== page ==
The European Commission recognizes the need for developing an improved management framework for deep sea fisheries, which are particularly vulnerable to exploitation and for which little scientific knowledge and data are available.
Recent research has shown that the genetic close-kin mark recapture (CKMR) method can be employed for obtaining fisheries-independent abundance estimates in marine fish, which would be extremely valuable for deep sea stocks. Yet, the viability of the method needs to be evaluated considering the general lack of biological knowledge for deep sea stocks.
In this context, the need of using a better studied species with well-known biology and life-history traits as a target for exploring the viability of the method and required modifications has been suggested. For this reason, although not strictly a deep-sea species, it has been considered that the white anglerfish (Lophius piscatorius) could be a good candidate target species for i) being commercially important, so that the development of the method for this species is directly relevant ii) allowing relative easy sample collection, so that a large number of samples from which to subsample could be obtained, and iii) being sufficiently studied, so that minimum biological and reproductive parameters are known.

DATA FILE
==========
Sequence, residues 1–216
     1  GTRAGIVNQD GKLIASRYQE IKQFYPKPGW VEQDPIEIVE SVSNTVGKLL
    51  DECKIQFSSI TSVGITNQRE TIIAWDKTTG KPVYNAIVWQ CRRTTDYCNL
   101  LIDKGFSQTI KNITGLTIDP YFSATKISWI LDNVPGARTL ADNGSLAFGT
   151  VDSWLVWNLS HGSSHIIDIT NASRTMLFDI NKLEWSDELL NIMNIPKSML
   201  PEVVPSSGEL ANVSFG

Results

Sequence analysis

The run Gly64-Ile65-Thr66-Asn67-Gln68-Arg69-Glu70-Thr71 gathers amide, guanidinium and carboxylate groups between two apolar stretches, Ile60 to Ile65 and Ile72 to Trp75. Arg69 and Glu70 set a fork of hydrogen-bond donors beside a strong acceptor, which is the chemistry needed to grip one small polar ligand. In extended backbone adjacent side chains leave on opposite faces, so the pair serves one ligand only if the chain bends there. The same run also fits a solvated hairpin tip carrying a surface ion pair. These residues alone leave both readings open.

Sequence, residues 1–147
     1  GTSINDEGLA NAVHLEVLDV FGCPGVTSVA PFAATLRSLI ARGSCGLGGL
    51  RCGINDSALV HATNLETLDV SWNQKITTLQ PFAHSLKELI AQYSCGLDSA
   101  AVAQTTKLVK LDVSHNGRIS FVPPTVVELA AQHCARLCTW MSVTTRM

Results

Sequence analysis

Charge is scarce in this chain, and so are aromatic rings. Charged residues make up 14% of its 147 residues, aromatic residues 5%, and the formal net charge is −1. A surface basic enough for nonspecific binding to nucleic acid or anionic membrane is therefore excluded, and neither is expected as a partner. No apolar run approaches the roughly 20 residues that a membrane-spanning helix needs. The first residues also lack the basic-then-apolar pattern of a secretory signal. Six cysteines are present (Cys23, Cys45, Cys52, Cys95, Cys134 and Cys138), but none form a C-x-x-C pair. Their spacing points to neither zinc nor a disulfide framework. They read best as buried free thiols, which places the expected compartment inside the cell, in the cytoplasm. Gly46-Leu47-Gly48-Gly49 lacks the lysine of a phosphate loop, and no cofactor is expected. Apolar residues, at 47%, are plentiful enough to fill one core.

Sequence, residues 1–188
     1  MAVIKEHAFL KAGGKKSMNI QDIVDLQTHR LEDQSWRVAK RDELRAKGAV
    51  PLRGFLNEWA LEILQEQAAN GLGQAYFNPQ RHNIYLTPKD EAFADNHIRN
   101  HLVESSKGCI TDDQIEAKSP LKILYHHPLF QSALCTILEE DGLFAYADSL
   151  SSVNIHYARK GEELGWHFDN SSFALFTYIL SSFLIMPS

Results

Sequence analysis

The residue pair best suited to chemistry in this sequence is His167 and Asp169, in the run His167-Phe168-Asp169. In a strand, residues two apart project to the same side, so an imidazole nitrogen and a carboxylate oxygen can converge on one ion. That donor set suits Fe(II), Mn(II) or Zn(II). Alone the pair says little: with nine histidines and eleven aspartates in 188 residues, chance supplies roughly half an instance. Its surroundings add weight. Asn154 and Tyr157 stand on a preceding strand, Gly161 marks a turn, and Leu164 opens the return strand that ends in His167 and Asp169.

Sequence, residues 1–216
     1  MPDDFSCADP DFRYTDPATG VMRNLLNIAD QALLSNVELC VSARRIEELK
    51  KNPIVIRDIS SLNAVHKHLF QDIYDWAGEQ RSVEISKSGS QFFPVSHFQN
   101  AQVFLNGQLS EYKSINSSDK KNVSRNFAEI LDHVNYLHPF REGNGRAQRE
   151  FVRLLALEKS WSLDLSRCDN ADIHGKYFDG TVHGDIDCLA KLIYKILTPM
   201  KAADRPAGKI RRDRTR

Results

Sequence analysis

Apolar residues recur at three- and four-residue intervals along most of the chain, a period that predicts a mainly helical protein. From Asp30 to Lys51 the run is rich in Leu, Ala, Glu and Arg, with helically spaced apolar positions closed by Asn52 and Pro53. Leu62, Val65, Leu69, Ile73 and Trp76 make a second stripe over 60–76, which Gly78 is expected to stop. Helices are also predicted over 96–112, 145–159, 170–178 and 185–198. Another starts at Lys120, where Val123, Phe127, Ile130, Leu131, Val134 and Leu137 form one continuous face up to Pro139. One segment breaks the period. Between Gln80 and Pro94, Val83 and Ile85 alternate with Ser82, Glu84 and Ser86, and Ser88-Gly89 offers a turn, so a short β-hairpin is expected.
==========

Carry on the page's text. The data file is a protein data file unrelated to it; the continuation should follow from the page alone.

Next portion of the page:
Nonetheless, an essential requisite for the successful application of the CKMR method is the knowledge of the population substructure of the target species. Although previous studies have addressed this question for white anglerfish within the Atlantic and suggest homogeneity, additional support is required. Thus, the main objective of the project is to establish the genetic population structure of the white anglerfish across the Atlantic FAO fishing area 27 and to provide a solid baseline for a close-kin abundance estimate.